The average American grocery store is 46,000 square feet. The average Millennial resents having to drive to said grocery store, park their car, walk 50 feet to claim a cart, traipse all 46,000 of those square feet to collect their groceries, pile them into the cart, stand in line at the register, walk 50 feet to their car, drive home, and carry them from the car to the kitchen. Do you blame them?
Enter online grocery shopping. With very little tech savvy, you can simply shift the real-world experience of grocery shopping at Safeway to the online version at Safeway.com. But doing this has its drawbacks. Not only are you limited to products sold at Safeway, you’re limited to a much smaller—and in some cases very different—selection (or assortment as it’s called in the industry). And then there’s technology. My most recent Safeway.com experience was not frustration-free.
Now there are third-party services that have solved these shortcomings. Instacart and Google Shopping Express (yes, that Google) have come in with not just brilliant ideas, but near-flawless technological execution. From the comfort of your couch, you can now go online to one portal, shop from multiple stores like Whole Foods, Costco, and Walgreen’s, and then sit back while someone from Instacart lugs those groceries from the store to your house to your kitchen.
Instacart’s business model is to charge a fee for each delivery. The fees can be as low as $2.99 and I’ve seen them as high as $9.99. In an effort to hook consumers, they offer a membership fee that includes free deliveries. Google Shopping Express is also trying to move consumers to a subscription model. For a $95 membership fee, you get unlimited deliveries for a year. For a frequent user like me (at least once per week), this works out to less than $2.00 per delivery, which I consider ridiculously affordable.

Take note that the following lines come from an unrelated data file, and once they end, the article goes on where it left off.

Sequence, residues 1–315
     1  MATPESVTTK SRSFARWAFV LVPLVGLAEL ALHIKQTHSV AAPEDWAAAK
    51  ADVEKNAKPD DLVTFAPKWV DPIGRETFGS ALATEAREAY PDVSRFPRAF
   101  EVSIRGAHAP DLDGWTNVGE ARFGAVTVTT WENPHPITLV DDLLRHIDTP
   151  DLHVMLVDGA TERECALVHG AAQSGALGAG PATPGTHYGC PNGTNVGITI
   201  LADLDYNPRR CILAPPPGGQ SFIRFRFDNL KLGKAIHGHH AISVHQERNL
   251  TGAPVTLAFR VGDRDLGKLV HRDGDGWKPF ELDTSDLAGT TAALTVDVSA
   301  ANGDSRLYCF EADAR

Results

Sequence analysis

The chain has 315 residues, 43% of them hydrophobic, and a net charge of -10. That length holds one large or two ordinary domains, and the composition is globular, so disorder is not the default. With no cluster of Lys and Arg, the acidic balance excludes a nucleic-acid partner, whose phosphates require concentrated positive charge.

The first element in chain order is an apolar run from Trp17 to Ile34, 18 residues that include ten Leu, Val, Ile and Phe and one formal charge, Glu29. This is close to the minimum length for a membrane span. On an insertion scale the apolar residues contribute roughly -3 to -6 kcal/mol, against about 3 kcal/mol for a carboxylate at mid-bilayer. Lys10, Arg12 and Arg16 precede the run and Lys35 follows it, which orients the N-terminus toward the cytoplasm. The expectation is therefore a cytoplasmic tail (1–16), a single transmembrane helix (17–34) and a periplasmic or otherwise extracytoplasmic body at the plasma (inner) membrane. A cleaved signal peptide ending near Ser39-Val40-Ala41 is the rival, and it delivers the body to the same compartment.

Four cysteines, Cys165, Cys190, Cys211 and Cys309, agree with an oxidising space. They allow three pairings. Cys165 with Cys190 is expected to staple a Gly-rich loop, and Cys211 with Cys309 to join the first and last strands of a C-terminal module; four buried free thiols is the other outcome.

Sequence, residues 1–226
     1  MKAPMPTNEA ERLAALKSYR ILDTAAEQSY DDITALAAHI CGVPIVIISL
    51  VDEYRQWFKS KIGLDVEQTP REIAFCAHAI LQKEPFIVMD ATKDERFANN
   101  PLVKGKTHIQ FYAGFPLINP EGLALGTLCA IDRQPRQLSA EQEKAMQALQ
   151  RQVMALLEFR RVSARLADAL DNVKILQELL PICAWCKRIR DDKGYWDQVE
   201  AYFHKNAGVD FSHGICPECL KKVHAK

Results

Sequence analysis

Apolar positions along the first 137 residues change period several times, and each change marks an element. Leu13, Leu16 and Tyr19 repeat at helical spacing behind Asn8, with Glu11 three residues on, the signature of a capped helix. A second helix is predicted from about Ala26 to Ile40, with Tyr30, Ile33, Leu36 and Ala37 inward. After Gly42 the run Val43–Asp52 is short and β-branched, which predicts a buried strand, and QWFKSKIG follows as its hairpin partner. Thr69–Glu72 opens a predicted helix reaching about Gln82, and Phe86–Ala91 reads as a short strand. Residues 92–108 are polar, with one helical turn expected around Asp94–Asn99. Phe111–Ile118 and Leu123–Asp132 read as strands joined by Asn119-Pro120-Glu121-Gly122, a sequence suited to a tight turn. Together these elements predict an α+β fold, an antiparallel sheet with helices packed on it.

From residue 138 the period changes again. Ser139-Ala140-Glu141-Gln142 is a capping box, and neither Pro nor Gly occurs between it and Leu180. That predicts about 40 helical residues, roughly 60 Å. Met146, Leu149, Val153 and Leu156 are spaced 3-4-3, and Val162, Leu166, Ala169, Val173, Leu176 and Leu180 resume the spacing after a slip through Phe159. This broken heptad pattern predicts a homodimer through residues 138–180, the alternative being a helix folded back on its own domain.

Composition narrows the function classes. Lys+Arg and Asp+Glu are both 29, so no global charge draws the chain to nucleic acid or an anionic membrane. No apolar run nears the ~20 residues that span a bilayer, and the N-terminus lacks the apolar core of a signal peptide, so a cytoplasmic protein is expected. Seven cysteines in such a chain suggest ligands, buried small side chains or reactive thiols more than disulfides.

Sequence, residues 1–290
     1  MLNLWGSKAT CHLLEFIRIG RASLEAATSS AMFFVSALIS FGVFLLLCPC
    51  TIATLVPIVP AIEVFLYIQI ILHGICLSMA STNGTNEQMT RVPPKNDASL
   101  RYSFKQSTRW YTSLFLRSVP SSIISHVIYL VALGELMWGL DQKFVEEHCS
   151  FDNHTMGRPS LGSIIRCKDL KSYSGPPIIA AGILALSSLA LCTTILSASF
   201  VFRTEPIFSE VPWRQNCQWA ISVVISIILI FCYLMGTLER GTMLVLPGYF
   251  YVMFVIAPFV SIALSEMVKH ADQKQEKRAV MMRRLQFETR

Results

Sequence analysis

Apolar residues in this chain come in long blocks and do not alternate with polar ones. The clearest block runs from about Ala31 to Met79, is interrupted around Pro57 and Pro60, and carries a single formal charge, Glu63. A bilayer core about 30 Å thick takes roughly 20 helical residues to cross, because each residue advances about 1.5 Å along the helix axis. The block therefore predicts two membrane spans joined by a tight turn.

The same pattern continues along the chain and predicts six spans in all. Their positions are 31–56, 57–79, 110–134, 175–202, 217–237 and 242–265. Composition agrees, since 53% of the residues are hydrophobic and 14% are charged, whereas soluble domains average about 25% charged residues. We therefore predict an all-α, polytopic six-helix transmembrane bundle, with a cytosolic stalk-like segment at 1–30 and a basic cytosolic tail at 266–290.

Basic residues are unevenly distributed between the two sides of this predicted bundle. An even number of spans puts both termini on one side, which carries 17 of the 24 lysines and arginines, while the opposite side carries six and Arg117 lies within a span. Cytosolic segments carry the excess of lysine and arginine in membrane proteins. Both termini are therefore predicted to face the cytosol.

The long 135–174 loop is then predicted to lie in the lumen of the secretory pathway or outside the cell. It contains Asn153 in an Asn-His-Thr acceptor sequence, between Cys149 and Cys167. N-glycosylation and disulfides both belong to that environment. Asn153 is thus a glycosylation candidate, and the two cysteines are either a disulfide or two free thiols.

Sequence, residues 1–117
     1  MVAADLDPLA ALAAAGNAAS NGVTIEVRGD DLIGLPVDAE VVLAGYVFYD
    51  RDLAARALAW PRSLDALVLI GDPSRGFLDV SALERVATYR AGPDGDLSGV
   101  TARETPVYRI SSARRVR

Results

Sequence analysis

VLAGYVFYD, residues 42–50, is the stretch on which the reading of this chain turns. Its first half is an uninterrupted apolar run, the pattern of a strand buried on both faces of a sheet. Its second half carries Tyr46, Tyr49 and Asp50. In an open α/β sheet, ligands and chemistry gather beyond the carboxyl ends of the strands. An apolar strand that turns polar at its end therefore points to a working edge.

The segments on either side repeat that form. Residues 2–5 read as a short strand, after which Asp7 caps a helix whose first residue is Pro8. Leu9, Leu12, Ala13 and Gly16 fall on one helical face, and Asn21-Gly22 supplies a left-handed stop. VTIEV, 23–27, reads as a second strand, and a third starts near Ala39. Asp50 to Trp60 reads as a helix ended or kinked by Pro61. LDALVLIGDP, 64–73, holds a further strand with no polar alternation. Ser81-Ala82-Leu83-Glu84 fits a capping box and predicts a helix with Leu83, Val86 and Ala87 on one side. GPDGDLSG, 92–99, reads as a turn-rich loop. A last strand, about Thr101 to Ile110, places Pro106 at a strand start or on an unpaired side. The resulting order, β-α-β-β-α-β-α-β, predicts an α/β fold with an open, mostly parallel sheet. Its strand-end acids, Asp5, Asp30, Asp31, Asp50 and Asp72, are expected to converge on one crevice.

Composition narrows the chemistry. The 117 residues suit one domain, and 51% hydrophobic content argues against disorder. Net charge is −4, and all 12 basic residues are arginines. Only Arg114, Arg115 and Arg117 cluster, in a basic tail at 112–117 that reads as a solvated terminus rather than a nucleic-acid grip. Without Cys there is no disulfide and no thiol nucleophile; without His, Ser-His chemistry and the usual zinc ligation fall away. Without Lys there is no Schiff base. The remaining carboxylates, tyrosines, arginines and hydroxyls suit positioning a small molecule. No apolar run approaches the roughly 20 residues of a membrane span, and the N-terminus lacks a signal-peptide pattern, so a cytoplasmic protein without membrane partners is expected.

This new business model introduces completely new power players to the grocery space. I’ll bet there isn’t a supermarket executive in the world who 5 years ago predicted that one of his biggest competitors would be Google. Google!
Both Google Shopping Express and Instacart use a similar model. You visit their website and they do all the schlepping for you. The interesting thing is that these companies have built grocery delivery businesses without building warehouses. Why would they need one when there are a dozen or so existing 46,000 square foot options in every zip code? Meet the grocery store turned distribution warehouse.
In a fascinating shift, the consumer relationship is now slowly being hijacked away from the grocery retailer, whose primary role will soon be to serve as a distribution center from which Google or Instacart picks their inventory.
The consumer benefits of these services are clear. But what my company, Mattson, is watching is the interesting change in power. He who controls the relationship with the consumer controls the game. When a consumer stops visiting his local grocer and shifts his shopping to Instacart, he’s now sharing his credit card number, purchase pattern behavior, and eyeballs with Instacart. This represents a huge loss for bricks and mortar stores who charge food companies money for the space on their shelves, based on the fact that they are the ones with the consumers. With fewer consumers in their stores, they’ll be forced to lower the slotting fees—which are a significant source of revenue—they charge for a “slot” in their freezer or on their shelf. With almost no consumers in their stores, they’ll need to rethink everything. That is: if they still exist.
Today it may be hard to imagine a world in which we never visit a grocery store. But we were probably thinking this way about movie rentals 20 years ago while standing in a Blockbuster Video store.
When was the last time you did that?